Many people are described as kind and considerate but to be kind and considerate while feeling ill, and never ever complaining about life is truly amazing! Even when she lay in her hospital bed, she worried that her friends would worry about her. I got an email from her brother that said, “You might have already heard this news from common friends but Mehreen wanted to make sure that you knew and asked me to email you on her behalf.”

Mehreen was a very special person, and she has left her mark on this world, a giant footprint of greatness, that mere words cannot express. She achieved greatness in the eyes of all the people who knew her and all those who loved her. That is truly a blessing.

In the memories that we have of Mehreen, full of life, laughter and love, she will live on in our hearts and spirits.


Marie said...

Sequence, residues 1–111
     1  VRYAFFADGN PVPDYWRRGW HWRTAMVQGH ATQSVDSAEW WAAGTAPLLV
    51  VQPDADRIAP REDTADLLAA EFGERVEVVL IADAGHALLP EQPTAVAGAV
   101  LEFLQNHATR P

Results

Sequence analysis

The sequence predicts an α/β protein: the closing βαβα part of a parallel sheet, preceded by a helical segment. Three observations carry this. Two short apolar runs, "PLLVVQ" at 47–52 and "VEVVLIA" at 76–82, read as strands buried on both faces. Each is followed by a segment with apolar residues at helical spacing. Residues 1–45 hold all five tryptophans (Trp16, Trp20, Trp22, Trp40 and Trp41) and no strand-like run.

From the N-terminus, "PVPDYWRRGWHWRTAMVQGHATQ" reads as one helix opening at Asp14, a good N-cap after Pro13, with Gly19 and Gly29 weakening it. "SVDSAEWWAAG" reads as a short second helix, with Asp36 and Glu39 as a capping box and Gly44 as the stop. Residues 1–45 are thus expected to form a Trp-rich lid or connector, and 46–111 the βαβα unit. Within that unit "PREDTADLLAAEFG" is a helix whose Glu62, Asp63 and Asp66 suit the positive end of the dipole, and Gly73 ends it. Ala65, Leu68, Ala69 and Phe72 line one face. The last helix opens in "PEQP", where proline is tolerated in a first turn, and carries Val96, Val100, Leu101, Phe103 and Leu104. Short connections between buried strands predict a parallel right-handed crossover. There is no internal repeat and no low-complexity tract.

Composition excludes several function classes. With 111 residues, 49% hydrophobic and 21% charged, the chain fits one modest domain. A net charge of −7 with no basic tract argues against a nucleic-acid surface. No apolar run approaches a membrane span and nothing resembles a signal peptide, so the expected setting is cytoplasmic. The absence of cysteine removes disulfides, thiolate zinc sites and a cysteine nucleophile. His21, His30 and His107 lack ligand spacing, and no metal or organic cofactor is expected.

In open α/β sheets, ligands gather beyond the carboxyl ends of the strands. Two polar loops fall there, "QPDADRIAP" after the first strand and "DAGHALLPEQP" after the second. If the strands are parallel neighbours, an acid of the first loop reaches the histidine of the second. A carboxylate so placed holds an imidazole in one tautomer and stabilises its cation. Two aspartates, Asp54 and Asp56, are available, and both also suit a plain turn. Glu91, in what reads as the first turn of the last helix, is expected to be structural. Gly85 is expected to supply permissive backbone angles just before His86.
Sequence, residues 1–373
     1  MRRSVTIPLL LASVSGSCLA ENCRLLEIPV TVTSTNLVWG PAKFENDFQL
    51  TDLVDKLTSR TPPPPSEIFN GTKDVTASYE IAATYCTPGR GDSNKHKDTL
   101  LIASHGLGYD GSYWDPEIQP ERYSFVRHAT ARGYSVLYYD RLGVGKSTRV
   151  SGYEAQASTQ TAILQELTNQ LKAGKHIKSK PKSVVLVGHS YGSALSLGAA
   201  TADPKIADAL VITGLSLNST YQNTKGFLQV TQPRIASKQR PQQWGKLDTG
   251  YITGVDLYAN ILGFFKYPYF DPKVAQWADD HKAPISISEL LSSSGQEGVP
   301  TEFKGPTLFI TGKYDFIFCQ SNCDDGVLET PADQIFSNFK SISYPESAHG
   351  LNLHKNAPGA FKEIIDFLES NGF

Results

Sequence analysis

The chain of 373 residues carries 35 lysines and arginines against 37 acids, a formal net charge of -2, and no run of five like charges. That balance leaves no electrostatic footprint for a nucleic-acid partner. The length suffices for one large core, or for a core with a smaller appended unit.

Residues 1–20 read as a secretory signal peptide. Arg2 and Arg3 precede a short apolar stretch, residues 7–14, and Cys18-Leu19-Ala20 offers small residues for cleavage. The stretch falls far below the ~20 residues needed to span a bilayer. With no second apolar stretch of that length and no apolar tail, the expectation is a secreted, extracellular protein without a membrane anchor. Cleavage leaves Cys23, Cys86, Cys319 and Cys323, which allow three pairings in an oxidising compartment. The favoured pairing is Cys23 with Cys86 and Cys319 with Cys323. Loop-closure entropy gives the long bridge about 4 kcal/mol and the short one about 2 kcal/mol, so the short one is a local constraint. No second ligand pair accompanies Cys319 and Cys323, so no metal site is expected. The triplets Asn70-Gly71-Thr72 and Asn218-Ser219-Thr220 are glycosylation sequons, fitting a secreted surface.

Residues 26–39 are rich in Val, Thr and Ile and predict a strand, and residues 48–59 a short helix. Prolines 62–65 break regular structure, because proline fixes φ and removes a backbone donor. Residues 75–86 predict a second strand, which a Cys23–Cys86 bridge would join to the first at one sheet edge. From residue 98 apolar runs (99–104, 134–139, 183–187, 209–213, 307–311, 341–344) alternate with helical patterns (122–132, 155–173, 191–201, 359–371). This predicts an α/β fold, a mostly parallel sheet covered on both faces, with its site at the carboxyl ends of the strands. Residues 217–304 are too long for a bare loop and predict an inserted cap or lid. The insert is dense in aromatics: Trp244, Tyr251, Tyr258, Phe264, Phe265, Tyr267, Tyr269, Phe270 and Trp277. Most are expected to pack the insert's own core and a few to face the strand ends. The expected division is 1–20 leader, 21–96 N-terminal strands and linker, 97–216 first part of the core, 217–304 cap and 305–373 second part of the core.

I feel somewhat underqualiied to add anything to Shahnaz's beautiful eulogy as I don't live in (or have ever been to - yet!) Dhaka, but I suppose this just demonstrates the international nature of Mehreen's friends. I am a Gibraltarian married to a Scot and lining in England. I met Mehreen and Shahnaz at around the same time - we were all in the same corridor in London House, that wonderful institution on Mecklenburgh Square. They were both studying something of international importance. I was training to become a barrister. To all those that knew her, she was a huge ray of sunshine, with a practical, sisterly, motherly way about her. She was the most morally correct person I have ever met, and yet she had a fantastic (sometimes wicked) sense of humour. Her dedication to family, friends and work was complete. And with all that she was incredibly intelligent - I remember sharing a flat with her and she would come home with these endless dna sequences of the amoebic dysentry virus (sorry if I have offended any other molecular microbiologists with my laymen's terms).